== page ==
Wah Wah Wah

In the last several years, I hadn’t done it much at all.  In fact, it occured with such infrequency that I sometimes wondered if something was wrong with me.  It’s not that it never happened, but now, geez, for some reason it has been happening nearly every day.   Sometimes it is just a quickie. Other times it lasts for hours, and, at the risk of over-sharing, lately it has been known to happen more than once a day.  There are equal number of times that I feel invigorated at the end as there are times I heavily roll over, fully sated, and immediately fall into a deep and peaceful slumber.

Since getting remarried a couple of months ago, it’s frequency has increased rather dramatically – seldom does a day go by without it and, between you and me, I am actually growing a little tired of it.  It is not something that I ever ask for.  I never know when, where or how it will start or where I will be.  And I am never able to stop it.  Ever.  Yeah, yeah, I know:  I’m a newlywed…

Oh, wait!  You of the saucy thinking have got it all wrong.  I am not talking about what you think I am (or at least what I think you think), although; if I am being honest…oh, never mind.  Yeah, what I am referring to is my serial crying, weeping, many times even sobbing which is entirely appropriate and/or completely unjustified, often at the same time.

Perhaps what I am experiencing is stimulation overload as a result of adjusting to a new life including (but not limited to) my new town/new school/new husband/new kids/new doctors/new hairdresser/new manicurist/new Target/new gym/new in-laws/new area code/new Chipotle/new synagogue/new mall/new teachers/new house rules/new neighbors/new job search/new friends/new fucking everything.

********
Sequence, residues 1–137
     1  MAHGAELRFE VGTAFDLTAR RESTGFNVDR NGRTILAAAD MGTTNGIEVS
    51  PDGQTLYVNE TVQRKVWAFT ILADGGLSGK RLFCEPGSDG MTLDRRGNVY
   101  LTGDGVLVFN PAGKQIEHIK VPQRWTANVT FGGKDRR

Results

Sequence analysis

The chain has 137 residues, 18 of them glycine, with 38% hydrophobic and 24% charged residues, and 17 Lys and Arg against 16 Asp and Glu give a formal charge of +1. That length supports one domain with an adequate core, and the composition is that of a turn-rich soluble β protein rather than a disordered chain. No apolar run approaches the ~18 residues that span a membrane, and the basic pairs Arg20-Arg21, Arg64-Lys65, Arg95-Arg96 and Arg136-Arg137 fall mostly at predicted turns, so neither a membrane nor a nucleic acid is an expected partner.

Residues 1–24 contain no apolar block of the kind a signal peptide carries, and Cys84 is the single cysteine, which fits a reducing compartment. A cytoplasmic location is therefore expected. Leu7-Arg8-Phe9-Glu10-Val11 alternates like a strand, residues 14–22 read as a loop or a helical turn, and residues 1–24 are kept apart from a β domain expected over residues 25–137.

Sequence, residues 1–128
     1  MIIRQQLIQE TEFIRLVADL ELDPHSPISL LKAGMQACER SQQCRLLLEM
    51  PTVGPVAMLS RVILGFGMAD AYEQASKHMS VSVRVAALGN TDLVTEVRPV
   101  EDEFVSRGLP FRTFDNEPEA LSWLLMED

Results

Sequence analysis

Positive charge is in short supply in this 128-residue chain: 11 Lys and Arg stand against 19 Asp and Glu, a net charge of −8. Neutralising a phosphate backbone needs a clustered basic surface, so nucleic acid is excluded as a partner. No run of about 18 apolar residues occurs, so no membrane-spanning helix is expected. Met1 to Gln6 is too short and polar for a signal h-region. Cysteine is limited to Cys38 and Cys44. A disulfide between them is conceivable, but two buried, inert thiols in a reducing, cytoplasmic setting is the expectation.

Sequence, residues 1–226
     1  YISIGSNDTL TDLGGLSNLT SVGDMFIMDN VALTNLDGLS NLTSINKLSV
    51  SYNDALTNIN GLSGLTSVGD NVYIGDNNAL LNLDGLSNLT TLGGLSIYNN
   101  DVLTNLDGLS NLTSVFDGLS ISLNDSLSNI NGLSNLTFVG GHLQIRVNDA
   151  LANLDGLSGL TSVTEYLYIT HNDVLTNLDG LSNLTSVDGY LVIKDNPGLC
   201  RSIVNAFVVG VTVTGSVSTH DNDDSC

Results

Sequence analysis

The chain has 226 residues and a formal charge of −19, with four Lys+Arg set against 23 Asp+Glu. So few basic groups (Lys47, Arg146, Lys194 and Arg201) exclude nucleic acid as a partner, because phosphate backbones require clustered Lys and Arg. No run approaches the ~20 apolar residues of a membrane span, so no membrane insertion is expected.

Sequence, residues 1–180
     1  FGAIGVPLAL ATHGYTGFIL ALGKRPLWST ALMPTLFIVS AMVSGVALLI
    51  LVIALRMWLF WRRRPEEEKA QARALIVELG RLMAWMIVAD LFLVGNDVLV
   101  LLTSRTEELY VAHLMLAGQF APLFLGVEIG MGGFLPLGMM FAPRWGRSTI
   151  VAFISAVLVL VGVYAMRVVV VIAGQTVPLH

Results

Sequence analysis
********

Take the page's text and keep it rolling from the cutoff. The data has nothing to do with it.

And it sucks.

However:

I’m not taking to bed (except that one Saturday morning when Barry pretty much dragged me out of bed where I was very comfortably curled up in the fetal position under the covers fully prepared to cry all day.  He did the right thing, perhaps a bit less gently than I might have liked, but I got up, showered and went on with my day impassive, yet not catatonic.

I am not over- or under- eating[1], drinking, shopping, sleeping or spending.  Okay, I might have bought a not entirely necessary pair of boots, but, really, what girl doesn’t appreciate the curative powers of new boots?  In fact, I considered it a good sign…not to mention that fact that allowing that DSW coupon to expire before I managed to use it might well have set off a crying jag. Crisis averted!

I am not without joy.  Why, just the other night, a school night, no less, a pair of Elvis Costello tickets fell in our laps and Barry and I had a blast running around town eating, drinking and carrying on while en route to the concert.  So fun, in fact, that I memorialized it on Facebook…because we all know that Facebook tells the whole story.

I have also not done the unthinkable (and, according to my father, worst thing possible) and lost my sense of humor.  That being said, I cop to being decidedly slower to get started, but take comfort in the fact that once I have loosened up, I still manage to crack myself up.  In fact, this picture proves that I have not totally lost my mojo.  Prior to it being taken, I had never seen these women were complete strangers. They were chatting with one another on the street when I approached them and asked if they were married because, if they were not, I was willing to offer up my husband to them.  (They declined.) Our exchange reminded me that I am still me, waterworks notwithstanding.

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Yet, I’ve become a big old crybaby.